Oklahoma is one of only six states that allows taxpayers who claim itemized deductions on their federal tax return to also claim the deduction for state income taxes on their state return. This nonsensical tax break is an unintentional fluke of the law that serves no policy purpose. By eliminating this “double deduction” of state income taxes, the state would gain an estimated $97 million in additional revenue. Only taxpayers who itemize their deductions, which tend to be higher-income households, would be affected.

Improve collection of taxes owed on online purchases

States are hampered in their ability to require some retailers to collect and remit taxes owed on online sales. With the growth of e-Commerce, Main Street retailers are placed at a competitive disadvantage and state and local governments are lostng substantial action. While waiting on Congress to adopt a comprehensive fix to the problem, Oklahoma could follow the lead of ten states that have adopted so-called “Amazon laws” to help boost tax collections from more online businesses based outside of Oklahoma that partner with in-state retailers.

Accept federal funds for health care

Accepting federal funds to expand coverage to low-income adults would create savings for the state budget through additional tax dollars and by shifting costs that are currently paid for with state funds to the federal government. It would also provide a major economic boost to the state, help businesses by creating a healthier workforce, and avoid leaving the lowest-income Oklahomans in a “coverage crater” without insurance options.


These five options are far from an exhaustive list of solutions for generating additional revenues.  Expanding the sales tax  base to include additional services, raising the tobacco tax or motor fuel tax, eliminating tax incentives, and curbing off-the-top allocations are among ideas that have long been discussed and that may get more serious consideration this year in light of the budget emergency. In addition, the Legislature will have to look at a range of one-time revenue options to help fill the gap, including tapping the Rainy Day Fund and agency revolving funds, issuing new bonds, and putting a moratorium on tax credits and deductions.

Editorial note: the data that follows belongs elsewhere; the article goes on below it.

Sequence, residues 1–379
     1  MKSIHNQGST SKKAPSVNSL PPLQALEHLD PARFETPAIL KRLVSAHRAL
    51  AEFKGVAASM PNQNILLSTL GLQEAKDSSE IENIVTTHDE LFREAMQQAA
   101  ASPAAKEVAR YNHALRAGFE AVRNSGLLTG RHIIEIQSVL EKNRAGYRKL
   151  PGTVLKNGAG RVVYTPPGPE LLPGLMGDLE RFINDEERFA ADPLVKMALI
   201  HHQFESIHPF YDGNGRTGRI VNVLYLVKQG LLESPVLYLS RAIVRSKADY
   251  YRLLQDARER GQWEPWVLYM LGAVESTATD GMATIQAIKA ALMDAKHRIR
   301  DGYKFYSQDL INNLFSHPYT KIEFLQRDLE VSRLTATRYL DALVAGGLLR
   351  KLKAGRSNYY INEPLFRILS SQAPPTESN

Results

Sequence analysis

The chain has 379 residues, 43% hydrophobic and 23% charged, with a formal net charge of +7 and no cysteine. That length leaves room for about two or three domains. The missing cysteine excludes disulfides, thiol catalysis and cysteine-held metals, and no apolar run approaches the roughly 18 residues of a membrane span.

There’s no doubt that any action to generate new recurring revenues will face strong political obstacles and, in some cases, constitutional hurdles. Still, given the severity of the crisis and the potential damage that cutting much deeper into budgets will inflict, this is the time when all options must truly be on the table.

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Former Executive Director David Blatt joined OK Policy in 2008 and served as its Executive Director from 2010 to 2019. He previously served as Director of Public Policy for Community Action Project of Tulsa County and as a budget analyst for the Oklahoma State Senate. He has a Ph.D. in political science from Cornell University and a B.A. from the University of Alberta. David has been selected as Political Scientist of the Year by the Oklahoma Political Science Association, Local Social Justice Champion by the Dan Allen Center for Social Justice, and Public Citizen of the Year by the National Association of Social Workers.